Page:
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After all, we should be able to estimate how long ago a creature lived based on how much radiocarbon is left in its body. Radiocarbon (carbon-14) is a very unstable element that quickly changes into nitrogen.

Half the original quantity of carbon-14 will decay back to the stable element nitrogen-14 after only 5,730 years.

Next comes the question of how scientists use this knowledge to date things.

If carbon-14 has formed at a constant rate for a very long time and continually mixed into the biosphere, then the level of carbon-14 in the atmosphere should remain constant.

Knowing the number of atoms that decayed in our sample over a month, we can calculate the radiocarbon decay rate.

The standard way of expressing the decay rate is called the half-life.5 It’s defined as the time it takes half a given quantity of a radioactive element to decay.

Radiocarbon (carbon-14 or C) forms continually today in the earth’s upper atmosphere.

And as far as we know, it has been forming in the earth’s upper atmosphere at least since the Fall, after the atmosphere was made back on Day Two of creation week (part of the expanse, or firmament, described in Genesis 1:6–8). Cosmic rays from outer space are continually bombarding the upper atmosphere of the earth, producing fast-moving neutrons (sub-atomic particles carrying no electric charge) (figure 1).1 These fast-moving neutrons collide with nitrogen-14 atoms, the most abundant element in the upper atmosphere, converting them into radiocarbon (carbon-14) atoms.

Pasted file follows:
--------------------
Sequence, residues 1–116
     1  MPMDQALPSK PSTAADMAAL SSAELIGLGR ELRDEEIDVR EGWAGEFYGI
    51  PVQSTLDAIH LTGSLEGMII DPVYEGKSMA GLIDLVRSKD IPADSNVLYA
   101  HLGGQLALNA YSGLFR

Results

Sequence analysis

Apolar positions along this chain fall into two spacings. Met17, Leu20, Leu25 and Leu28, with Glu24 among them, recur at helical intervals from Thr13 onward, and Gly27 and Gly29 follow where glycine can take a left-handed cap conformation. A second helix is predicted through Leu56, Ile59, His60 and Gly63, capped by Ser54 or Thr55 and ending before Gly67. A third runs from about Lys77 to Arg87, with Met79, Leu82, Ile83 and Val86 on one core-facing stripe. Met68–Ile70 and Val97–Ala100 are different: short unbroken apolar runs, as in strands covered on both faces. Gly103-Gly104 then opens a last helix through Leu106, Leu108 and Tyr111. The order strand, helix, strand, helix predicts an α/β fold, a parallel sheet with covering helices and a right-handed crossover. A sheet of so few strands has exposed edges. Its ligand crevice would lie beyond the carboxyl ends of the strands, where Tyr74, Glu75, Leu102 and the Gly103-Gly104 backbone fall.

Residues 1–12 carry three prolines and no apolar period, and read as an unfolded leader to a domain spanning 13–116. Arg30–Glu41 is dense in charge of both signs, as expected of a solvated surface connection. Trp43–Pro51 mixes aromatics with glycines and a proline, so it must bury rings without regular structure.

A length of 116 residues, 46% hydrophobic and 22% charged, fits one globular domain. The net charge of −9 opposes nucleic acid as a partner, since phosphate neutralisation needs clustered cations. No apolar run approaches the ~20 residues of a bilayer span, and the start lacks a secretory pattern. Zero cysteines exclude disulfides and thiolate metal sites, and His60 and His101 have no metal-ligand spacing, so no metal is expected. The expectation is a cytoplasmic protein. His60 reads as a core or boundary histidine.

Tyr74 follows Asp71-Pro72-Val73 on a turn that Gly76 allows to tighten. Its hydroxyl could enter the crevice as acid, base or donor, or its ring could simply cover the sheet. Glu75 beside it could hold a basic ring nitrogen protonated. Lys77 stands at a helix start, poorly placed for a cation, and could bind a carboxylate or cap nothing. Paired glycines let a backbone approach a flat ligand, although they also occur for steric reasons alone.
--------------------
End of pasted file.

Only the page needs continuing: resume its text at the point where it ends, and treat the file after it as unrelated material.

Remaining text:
Instead, the radiocarbon atoms in their bodies slowly decay away, so the ratio of carbon-14 atoms to regular carbon atoms will steadily decrease over time (figure 3).So if half the sand grains are in the top bowl and half in the bottom bowl, then 30 minutes has elapsed since the sand grains began falling.We can calibrate an hourglass clock by timing the falling sand grains against a mechanical or electronic clock.To measure the rate of decay, a suitable detector records the number of beta particles ejected from a measured quantity of carbon over a period of time, say a month (for illustration purposes).Since each beta particle represents one decayed carbon-14 atom, we know how many carbon-14 atoms decayed during that month.

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